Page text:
I regained consciousness some time later, head and shoulders throbbing. It took me a few minutes to remember where I was, and another to gather the sense to observe that the door was still firmly closed. I sat there, dazed, for I don’t know how long, until I was roused by the sound of Rick Astley’s ‘Never Gonna Give You Up’. I hate that song, and that’s why I configured my cellphone to wake me up to it. There was no way I’d stay comfortably in bed with it playing.

8:30 already. I had to get out of this bathroom and start writing this damned horror story. And the solution was in my hand. I’d call Jack. He had a key to the house, so he could just come in and open the toilet door.

I dialled his number and waited for the ringback tone. Click. “Your call can not be connected, because you have insufficient prepay credit. To recharge your…” I hung up and threw the phone at the floor in frustration, then stuffed it back in my pocket with a twinge of guilt. Surely Jack or somebody else would call me eventually. I sat there trying not to think about my predicament.

I almost dozed off, and the voice of the devil came back to menace me in my semi-lucid state. I may be trapped in a bathroom, but things would be much worse if I didn’t write a horror story by midnight.

It occurred to me that I was living as bad a horror as I could come up with, so I resolved to write the story of the last few days. Easy enough. But what with? I’d left the marker outside. I pillaged the medicine cabinet, and was close to giving up when I saw the half-full toothpaste tube by the sink. I swear I heard an angel’s chorus when I saw that toothpaste. I was saved. If I applied it carefully with a toothbrush handle, I could write fairly well on the wall.

All went well for a while. I even found myself giggling at the thought of my eventual rescuer seeing a wall covered in pasty horror. But the toothpaste ran out much sooner than I’d hoped. Why couldn’t I have written a shorter story?

Again I ransacked the cupboards. I tried to write with shampoo, but it was useless, too liquid and too transparent against the wall. I only managed to clean off some of what I’d already written. I threw it at the door, half hoping that it would miraculously punch a hole in it.

Next I tried scraping into the soap with a razor. It could barely stick to the wall, and didn’t show up against the white. I needed something darker. Suddenly I wished that I hadn’t flushed all that perfectly good shit down the drain. Fighting a sudden nausea, I dipped my toothbrush into the trails on the side of the bowl and tried writing on the wall with it. This was too much. I coughed up some very un-inklike bile and flushed it all down.

After some more contemplation, I turned my attention back to the toothpaste tube. There was surely still some toothpaste in there, wedged near the top where it couldn’t quite be pushed to the opening. I tried slicing it open with a razor, but sliced open my thumb instead.

The shock of the pain was soon followed by the thrill of seeing a dark liquid. I could write with this. Ridiculously macabre, but how else does one write for the devil? It’s not as if I’d have to bleed to death. The cut was already starting to heal. I cleaned the end of my toothbrush as well as I could and dipped it into the cut. It didn’t take much blood to write a few letters. I felt a strange delight in writing those first few words in blood. I was in the mind of a killer. I could write horror like this.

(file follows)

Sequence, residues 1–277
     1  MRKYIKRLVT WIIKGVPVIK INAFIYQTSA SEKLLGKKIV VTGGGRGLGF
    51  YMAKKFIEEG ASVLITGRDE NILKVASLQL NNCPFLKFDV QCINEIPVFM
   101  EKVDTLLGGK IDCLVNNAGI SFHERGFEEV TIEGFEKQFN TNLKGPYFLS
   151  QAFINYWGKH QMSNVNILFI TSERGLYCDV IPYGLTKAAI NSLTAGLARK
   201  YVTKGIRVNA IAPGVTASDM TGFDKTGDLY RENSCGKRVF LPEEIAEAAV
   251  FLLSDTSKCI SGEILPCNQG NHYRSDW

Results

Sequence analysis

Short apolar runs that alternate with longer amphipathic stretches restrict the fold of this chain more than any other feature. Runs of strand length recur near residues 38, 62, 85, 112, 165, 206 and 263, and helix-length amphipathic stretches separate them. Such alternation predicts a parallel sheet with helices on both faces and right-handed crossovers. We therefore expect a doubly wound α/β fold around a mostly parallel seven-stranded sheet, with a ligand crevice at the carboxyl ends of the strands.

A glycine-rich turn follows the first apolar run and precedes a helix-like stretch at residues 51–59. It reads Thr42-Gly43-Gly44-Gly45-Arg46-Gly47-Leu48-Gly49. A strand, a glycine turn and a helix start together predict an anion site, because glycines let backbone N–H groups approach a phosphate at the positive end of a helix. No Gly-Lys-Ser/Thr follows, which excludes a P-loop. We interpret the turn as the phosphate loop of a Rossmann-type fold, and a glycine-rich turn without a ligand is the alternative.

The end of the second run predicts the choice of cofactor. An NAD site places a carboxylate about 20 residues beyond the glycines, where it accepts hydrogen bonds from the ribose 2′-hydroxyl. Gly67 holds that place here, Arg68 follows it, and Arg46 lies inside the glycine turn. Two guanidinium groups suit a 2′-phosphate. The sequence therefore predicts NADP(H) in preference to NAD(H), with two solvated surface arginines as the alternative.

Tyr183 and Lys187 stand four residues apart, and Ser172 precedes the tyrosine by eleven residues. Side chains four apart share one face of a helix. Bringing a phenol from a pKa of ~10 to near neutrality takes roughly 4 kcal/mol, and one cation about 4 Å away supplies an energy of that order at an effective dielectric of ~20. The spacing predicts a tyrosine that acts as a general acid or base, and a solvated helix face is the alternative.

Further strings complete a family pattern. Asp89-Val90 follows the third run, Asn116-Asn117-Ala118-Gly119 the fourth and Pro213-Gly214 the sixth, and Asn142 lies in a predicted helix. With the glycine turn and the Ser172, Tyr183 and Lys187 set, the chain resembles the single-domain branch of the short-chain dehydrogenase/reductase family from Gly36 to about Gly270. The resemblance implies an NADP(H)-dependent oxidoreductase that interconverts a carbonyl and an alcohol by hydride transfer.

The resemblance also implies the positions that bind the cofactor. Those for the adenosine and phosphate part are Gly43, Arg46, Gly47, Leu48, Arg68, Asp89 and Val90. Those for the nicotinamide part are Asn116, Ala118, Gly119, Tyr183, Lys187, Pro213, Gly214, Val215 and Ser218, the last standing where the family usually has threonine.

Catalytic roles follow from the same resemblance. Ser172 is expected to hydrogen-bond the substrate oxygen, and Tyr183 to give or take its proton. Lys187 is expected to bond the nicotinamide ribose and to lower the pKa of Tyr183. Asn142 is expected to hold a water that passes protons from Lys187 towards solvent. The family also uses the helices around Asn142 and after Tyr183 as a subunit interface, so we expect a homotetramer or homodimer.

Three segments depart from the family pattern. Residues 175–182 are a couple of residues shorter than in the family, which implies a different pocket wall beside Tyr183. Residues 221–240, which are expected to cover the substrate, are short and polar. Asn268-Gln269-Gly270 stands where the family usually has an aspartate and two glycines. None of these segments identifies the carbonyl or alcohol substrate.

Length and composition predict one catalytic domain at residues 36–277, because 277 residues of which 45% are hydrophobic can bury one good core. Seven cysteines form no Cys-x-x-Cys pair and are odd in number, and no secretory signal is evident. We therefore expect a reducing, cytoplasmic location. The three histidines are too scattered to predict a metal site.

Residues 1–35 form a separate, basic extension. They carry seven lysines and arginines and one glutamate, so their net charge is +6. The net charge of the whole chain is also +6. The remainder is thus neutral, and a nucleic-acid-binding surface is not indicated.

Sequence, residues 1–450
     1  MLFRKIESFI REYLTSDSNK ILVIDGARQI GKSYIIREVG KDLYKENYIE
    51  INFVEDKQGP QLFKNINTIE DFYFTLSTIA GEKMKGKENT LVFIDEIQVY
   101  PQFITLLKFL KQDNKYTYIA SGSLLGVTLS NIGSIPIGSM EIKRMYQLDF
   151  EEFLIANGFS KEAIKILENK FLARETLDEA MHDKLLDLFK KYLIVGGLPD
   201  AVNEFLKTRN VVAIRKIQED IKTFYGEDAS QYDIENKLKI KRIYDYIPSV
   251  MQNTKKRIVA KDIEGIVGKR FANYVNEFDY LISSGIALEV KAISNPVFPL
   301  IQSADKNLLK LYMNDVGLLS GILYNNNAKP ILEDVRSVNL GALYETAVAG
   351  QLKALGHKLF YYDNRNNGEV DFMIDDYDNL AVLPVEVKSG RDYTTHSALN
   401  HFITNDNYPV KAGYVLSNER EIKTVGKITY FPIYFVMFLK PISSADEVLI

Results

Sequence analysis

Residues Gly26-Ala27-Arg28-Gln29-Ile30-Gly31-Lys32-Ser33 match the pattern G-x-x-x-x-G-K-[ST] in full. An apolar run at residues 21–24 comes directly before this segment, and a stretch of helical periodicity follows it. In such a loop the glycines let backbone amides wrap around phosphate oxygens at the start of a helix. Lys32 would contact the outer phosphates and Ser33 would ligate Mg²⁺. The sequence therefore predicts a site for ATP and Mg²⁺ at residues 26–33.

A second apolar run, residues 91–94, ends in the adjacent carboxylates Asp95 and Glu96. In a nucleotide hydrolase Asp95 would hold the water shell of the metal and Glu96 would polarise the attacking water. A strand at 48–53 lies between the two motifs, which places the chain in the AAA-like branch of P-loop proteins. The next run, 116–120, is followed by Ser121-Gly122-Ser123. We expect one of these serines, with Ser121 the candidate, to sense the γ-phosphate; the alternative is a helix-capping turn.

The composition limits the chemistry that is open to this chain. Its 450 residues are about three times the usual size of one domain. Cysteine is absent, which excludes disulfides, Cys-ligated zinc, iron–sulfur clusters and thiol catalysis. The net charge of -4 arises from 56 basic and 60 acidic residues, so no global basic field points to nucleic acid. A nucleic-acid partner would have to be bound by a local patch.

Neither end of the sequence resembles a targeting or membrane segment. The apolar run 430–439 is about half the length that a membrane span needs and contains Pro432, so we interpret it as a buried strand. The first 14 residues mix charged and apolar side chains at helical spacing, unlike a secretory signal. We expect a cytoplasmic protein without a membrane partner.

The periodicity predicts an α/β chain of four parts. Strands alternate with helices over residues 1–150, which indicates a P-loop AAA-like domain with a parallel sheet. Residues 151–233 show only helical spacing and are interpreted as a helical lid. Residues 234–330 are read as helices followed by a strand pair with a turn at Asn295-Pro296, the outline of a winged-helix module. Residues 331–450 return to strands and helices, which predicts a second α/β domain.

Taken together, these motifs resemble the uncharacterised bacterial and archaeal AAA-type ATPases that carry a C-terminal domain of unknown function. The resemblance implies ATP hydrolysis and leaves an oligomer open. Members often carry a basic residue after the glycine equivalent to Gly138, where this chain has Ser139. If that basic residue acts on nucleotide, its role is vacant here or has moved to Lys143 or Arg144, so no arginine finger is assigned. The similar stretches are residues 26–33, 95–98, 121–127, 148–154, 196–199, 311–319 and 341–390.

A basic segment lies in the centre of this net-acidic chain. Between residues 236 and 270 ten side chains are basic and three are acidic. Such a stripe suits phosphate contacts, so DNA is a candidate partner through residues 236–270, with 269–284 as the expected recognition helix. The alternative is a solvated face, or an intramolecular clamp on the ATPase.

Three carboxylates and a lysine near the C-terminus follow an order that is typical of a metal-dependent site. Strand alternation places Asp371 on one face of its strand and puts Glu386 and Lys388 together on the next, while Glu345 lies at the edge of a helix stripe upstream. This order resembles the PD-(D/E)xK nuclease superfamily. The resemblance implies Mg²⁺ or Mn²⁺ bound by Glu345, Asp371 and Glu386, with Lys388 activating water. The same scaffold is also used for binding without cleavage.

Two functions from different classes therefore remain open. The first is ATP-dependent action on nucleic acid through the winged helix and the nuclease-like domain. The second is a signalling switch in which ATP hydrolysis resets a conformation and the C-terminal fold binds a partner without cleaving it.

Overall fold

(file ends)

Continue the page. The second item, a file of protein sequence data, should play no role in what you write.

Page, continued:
My phone bleeped midday. I still had twelve hours. Surely somebody would rescue me in that time, but I had to continue just in case. The devil is not to be played with… another reason why I don’t usually write horror.

Whenever I stopped too long to think, my thumb would heal over and I’d have to tear it apart again. Eventually I had done it so much that the pain was unbearable. I was feeling a little lightheaded, but I convinced myself it was from pain and lack of sleep rather than blood loss. It didn’t seem like any more blood than I gave to the blood bank every time there was a donation drive. I bandaged the poor thumb and rested a little before making a clean cut in my forearm. I continued like this for hours, periodically bandaging a wound and opening a new one.

It’s 11:30 now, and I’m afraid that this story is not horrific enough for its audience. I’m worried that nobody has called me all day. I’m afraid that even if I succeed, I’ll stay trapped staring at this ghoulish wallpaper until I die of hunger.

I’m afraid that my latest cut won’t stop bleeding.

FUCK… I have to fix my wrist up. THE END. Happy now, Luci

“Hi, this is Ned Stokes. I’m probably writing or taking a bath. Leave a message.”

“Hey, Ned, it’s Jack. Written any horror stories lately?” Laughter. “Guess you’ve figured out it was me by now. Hope it didn’t freak you out too much. Nah, who am I kidding? You have to be freaked out to write horror. Anyway, I know you hate horror, but I reckon you’d be good at it. If you wrote something, send it to me, I promise I won’t tease.”

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Six of Clubs: Hydrogen Gas

Just over twelve hours to write something. I should have started sooner. I’ll start by reading the section on short short stories in Susan Tiberghian’s book, because it’s about time I wrote some prose. She says, ‘A story, be it short or book length, creates a dream in the reader’s mind.’ Can I create a universe in your head in twelve hours? How much of the real universe had been created after twelve hours? It didn’t take much more than seventeen minutes for the newly created protons and neutrons to band together into light nuclei.